Subsequently, a federal grand jury in the US District Court for the District of Columbia returned an indictment against former G4S Chief Executive Officer Jean Paul Van Avermaet and two former Seris executives—former CEO Danny Vandormael and former Director of Guarding & Monitoring Peter Verpoort—for participating in the conspiracy with G4S. The indictment also identifies four unnamed individuals (referenced as “Individuals 1-4”) with conspiring to allocate customers, rig bids, and fix prices for security services contracts on behalf of their companies. All individuals are Belgian nationals.

The Government’s Broadened Approach to Antitrust Enforcement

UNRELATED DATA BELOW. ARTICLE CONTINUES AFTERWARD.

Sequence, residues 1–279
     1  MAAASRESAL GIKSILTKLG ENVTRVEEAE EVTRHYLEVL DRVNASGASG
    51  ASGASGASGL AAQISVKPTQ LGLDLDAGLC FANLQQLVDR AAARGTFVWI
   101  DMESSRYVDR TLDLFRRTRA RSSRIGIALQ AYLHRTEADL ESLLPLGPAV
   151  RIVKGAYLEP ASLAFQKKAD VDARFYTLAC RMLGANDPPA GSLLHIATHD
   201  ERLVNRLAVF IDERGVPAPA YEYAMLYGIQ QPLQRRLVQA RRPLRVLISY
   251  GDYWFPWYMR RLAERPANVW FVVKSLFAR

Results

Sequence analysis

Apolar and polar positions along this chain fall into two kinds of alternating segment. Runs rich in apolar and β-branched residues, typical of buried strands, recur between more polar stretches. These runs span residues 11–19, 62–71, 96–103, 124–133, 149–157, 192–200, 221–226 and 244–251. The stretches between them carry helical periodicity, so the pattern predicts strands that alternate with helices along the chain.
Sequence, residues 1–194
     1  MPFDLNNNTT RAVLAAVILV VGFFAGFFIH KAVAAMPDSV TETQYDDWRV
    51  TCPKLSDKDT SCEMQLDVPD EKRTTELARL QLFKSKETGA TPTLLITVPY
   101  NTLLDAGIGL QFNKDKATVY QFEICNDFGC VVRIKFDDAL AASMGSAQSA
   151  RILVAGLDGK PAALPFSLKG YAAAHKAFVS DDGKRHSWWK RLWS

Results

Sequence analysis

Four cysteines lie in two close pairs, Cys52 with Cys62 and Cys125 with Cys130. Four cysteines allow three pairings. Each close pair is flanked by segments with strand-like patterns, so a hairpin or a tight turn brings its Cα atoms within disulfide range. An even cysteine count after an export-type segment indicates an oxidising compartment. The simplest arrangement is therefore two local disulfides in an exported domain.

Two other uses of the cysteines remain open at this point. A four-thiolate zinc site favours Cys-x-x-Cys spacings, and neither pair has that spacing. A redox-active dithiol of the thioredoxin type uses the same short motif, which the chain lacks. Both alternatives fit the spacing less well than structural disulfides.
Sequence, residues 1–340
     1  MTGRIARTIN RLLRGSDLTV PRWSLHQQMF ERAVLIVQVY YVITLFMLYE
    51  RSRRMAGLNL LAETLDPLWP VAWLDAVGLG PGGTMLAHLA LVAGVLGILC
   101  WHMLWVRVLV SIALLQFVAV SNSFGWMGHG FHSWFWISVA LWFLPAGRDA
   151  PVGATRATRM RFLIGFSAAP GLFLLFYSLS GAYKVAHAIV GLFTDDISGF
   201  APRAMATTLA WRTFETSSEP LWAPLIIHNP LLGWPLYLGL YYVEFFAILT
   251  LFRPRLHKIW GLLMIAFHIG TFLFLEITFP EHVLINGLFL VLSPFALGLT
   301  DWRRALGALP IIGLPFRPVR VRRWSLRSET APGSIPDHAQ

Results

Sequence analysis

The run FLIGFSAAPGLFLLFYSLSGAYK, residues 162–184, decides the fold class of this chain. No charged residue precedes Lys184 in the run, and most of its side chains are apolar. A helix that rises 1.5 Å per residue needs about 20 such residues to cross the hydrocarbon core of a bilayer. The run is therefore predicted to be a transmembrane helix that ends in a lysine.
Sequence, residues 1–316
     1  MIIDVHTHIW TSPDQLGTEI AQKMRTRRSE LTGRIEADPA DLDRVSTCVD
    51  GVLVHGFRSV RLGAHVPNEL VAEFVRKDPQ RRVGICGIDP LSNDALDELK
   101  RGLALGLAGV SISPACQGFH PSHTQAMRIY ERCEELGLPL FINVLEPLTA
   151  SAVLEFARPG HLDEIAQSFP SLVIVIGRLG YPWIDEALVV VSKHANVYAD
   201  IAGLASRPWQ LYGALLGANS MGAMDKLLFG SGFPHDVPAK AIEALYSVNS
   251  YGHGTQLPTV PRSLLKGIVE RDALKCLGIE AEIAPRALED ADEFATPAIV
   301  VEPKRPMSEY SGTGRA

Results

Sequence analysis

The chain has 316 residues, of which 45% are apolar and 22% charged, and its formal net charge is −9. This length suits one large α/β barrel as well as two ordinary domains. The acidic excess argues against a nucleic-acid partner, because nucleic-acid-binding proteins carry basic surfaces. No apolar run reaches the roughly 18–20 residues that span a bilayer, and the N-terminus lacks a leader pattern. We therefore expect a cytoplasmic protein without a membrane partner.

In announcing this guilty plea, Acting Assistant Attorney General for DOJ’s Antitrust Division Richard A. Powers stated that the Strike Force “is committed to safeguarding public procurement at home and abroad from collusion that cheats American taxpayers out of the benefits of competition for critical goods and services.” In addition, Powers emphasized that the Strike Force will continue to scrutinize “contracts to secure Department of Defense bases and installations abroad.” Further, Director Frank Robey of the US Army Criminal Investigation Command’s Major Procurement Fraud Unit stated that his agency “will continue to pursue integrity in the contracting arena and work closely with the Department of Justice and other law enforcement agencies to prevent collusion and fraud.” Consistent with the Strike Force’s intended multi-agency approach, this prosecution involved coordination between the FBI’s International Corruption Unit New York Field Office, the Defense Criminal Investigative Service’s New York Resident Agency and the Transnational Operations Field Office, and other European partners.